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Added Questions: Mission Accomplished

November 25, 2010

For the Noel-Levitz PSOL, there are spaces for 10 customized questions in addition to the 26 standard questions (statements, actually) where students indicate both their levels of importance and satisfaction. Since we give the survey in conjunction with many other MnSCU schools we all use five common statements that get at some of the data that they need to collect for the MnOnline system as a whole. That leaves five more survey slots for each college or university to ask whatever they want.

This year I made an effort to find five statements that the students would rank with high importance scores. I don’t fall into the camp that says that you need to keep asking the same questions each year for the sake of continuity. If a statement didn’t pan out with a high enough importance score in previous years, I want to try a new one in hopes of hitting those things that are most important to students.

I sent out a call to other MnSCU schools to try to find out which statements they had used in previous years that had the highest importance scores for students. I set up a wiki for people at other schools to share information about the added statements that they have used in previous years. Some good information was gathered through the wiki, but at the last second I had a bit of an epiphany – yet one that I wasn’t sure would bear fruit.

For five years now we’ve had an online course design peer review process, modeled after Quality Matters of MarylandOnline. It occurred to me that there would probably be some items in the course review rubric (sample completed rubric PDF) that would make worthy survey statements. BINGO! I picked five statements from different sections of the rubric and added them to the PSOL, statements 32-36. I was very pleased to see these five items come back with very high importance scores. In fact, the five LSC added items were all ranked in the top 10 (out of 36) for importance. Our five added statements are highlighted in red below.

FY09 Noel-Levitz PSOL (Priorities Survey for Online Learners) LSC Students
Item – Importance high to low (top 10 items only)
Import. Satisf. Gap
32. Layout of courses, as designed by instructors, is easy to navigate and understand. 6.60 5.83 0.77
33. Instructions to students on how to meet the course learning objectives are adequate and clearly written. 6.58 5.90 0.68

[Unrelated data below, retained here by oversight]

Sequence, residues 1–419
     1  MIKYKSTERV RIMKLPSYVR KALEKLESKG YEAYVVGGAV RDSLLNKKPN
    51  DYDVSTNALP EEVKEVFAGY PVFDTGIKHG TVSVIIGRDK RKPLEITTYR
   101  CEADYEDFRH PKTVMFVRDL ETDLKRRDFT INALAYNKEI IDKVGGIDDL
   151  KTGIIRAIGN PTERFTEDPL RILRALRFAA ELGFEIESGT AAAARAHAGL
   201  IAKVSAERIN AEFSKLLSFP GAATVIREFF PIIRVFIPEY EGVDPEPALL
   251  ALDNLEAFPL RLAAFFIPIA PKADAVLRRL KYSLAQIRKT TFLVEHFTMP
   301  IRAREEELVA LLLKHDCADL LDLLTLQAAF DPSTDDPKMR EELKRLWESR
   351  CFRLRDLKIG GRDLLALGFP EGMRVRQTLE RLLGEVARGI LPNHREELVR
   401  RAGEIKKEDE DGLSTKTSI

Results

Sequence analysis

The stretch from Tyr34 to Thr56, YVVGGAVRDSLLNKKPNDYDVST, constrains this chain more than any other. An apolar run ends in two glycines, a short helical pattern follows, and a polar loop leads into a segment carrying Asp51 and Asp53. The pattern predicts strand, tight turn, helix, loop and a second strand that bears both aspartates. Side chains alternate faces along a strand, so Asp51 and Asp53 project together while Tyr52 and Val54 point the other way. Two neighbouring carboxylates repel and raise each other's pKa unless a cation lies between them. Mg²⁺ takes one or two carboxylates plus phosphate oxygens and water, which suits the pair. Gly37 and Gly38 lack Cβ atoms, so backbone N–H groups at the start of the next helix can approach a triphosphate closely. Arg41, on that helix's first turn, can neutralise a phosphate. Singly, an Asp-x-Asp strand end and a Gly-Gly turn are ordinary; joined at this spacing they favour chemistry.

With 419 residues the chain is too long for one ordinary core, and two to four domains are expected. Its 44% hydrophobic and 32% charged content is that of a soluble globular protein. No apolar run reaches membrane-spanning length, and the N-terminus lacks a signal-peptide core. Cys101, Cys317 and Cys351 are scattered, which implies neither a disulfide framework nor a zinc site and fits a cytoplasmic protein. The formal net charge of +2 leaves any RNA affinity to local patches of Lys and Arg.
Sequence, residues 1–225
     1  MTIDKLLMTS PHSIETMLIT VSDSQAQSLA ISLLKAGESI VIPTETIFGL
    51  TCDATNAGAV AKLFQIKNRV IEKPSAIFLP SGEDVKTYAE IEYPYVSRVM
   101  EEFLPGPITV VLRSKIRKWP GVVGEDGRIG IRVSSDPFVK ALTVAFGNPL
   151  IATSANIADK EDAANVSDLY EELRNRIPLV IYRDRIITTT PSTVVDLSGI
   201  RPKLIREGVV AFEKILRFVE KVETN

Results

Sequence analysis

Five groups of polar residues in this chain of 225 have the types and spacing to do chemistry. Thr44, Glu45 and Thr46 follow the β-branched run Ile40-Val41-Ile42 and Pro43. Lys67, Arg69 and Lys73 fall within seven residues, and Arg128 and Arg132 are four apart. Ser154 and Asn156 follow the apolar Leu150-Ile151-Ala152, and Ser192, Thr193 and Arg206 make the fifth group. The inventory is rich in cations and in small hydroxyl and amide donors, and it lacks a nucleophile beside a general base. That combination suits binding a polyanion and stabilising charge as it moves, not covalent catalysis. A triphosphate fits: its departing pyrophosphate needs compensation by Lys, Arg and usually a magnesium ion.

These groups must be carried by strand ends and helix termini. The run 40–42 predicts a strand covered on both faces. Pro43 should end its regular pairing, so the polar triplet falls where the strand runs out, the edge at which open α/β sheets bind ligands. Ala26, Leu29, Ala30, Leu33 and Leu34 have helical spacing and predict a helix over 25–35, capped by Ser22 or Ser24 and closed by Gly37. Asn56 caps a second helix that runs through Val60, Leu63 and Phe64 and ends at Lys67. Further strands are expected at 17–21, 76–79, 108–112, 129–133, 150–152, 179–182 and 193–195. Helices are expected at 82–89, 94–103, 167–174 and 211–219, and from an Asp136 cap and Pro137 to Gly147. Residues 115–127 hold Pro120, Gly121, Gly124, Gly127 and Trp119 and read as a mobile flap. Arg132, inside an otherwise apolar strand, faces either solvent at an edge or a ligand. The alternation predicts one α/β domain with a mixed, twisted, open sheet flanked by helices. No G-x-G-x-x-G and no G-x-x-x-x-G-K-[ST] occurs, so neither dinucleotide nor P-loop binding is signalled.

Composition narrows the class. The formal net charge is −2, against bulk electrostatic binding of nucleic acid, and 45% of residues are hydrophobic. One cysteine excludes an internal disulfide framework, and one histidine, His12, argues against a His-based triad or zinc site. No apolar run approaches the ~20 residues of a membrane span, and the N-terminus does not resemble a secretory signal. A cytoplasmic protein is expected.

20. The quality of online instruction is excellent. 6.56 5.68 0.88
28. The online course delivery platform (Desire2Learn or D2L) is reliable. 6.56 6.04 0.52
34. Grading policies are easy to locate and understand in courses. 6.56 6.09 0.47
06. Tuition paid is a worthwhile investment. 6.55 5.77 0.78
18. Registration for online courses is convenient. 6.55 6.36 0.19
36. Clear standards are set in courses for instructor availability and response time. 6.55 5.99 0.56
31. Taking an online course allowed me to stay on track with my educational goals. 6.54 6.18 0.36
35. Instructional materials have sufficient depth in content to learn the subject. 6.54 5.91 0.63

In addition to the five highlighted in red above, statements #28 and #31 are part of the 5 added statements for MnOnline. Therefore, only 3 of the top 10 items come from the 26 standard statements on the basic PSOL.

This seems particularly reaffirming to me. One – it indicates that many of the items identified on the course design quality rubric are not just important to teachers, but they’re important to students as well (that’s not always the case). Two – because the satisfaction scores on those items are also pretty decent (all in the top 50% for satisfaction ranking), it also appears that our peer review process is making a difference that is recognized by students. Three – it’s always nice when you find out that what you thought should be important actually is important. Overall, I think all of us can be very proud of these survey results.

For the record, the five highlighted statements shown above correlate to the following standards on the LSC course design rubric:  I.2, II.2, III.2, IV.1, and V.3.

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